Want to hazard a guess as to how long it would take a hacker to crack your four-digit security pin on your smartphone? A week? A day? Eight hours? How about 23 seconds? That’s right, 23 seconds is what it takes for a hacker, using open source tools available through the Internet, to crack a four-digit pin. That disturbing piece of information was brought to my attention by Brian Reed, chief mobility officer of mobile security provider Good Technology. Mr. Reed was speaking at a seminar I attended held by the Cyber Division of the National Defense Industrial Association (NDIA). He referred us to a Youtube video, which illustrates the point.
There was a time when compromising the security of a smartphone would have been more of an irritant than a critical business threat. But that time is well past. In our ever evolving threat environment, we must pay continuing attention to user behavior patterns among employees. And one obvious trend is the increasing use of smartphones and other mobile devices in the workplace.
According to Gartner, approximately 40 percent of U.S. consumers who work for large enterprises said they use their personally owned smartphone, desktop or laptop daily for some form of work purposes. If anything, that number may be conservative, and is sure to grow. Businesses have learned the use of personal devices by employees increases both job satisfaction and productivity. Gartner predicts that by 2018 there will be twice as many employee-owned devices used for work than enterprise-owned devices. Along with this explosion of personal devices used in the workplace comes a considerable security challenge.
If someone compromises your phone, the attacker can access all data and network resources available to you. Basically, the attacker can carry out any activity that the user can, which means that users with more access to valuable information are more valuable targets. To guard against this prospect, leading firms are using enterprise mobility management systems to provide greater security and prevent unauthorized access to corporate data.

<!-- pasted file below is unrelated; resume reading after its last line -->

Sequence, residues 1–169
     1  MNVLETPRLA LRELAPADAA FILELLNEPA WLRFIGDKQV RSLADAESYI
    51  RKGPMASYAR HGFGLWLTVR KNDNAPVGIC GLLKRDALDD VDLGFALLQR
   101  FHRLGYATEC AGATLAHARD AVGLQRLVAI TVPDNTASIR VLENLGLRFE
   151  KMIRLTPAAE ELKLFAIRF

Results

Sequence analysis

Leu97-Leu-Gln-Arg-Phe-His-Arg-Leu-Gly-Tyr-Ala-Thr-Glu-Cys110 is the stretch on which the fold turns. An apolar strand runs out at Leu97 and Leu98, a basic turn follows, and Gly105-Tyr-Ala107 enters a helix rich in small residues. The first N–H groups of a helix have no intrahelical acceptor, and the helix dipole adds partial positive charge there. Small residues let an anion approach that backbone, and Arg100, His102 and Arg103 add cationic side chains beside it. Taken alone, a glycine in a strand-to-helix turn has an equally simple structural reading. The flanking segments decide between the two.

Workers are demanding, and corporations increasingly are embracing, the ability to use personal devices in the workplace. Balancing the interests of employees with the accompanying security considerations is a growing challenge. Companies must embrace the use of mobile devices while effectively managing the expectations of their employees, providing freedom and flexibility without sacrificing security. It will take time to work through this challenge, which is likely to be magnified as wearables become more present in the workplace. But when you think about the time that will take, remember this time … 23 seconds.
By Tom Davis, SDI Cyber Risk Practice
SDI #CyberTuesday offers insights and commentary on cyber risk management by SDI’s trusted cybersecurity, privacy and data security experts, skilled practitioners whose decades of experience working for governments and corporations around the world distinguish them as strategists and crisis managers.
You can view previous blog posts on cyber risk management here.
June 16, 2015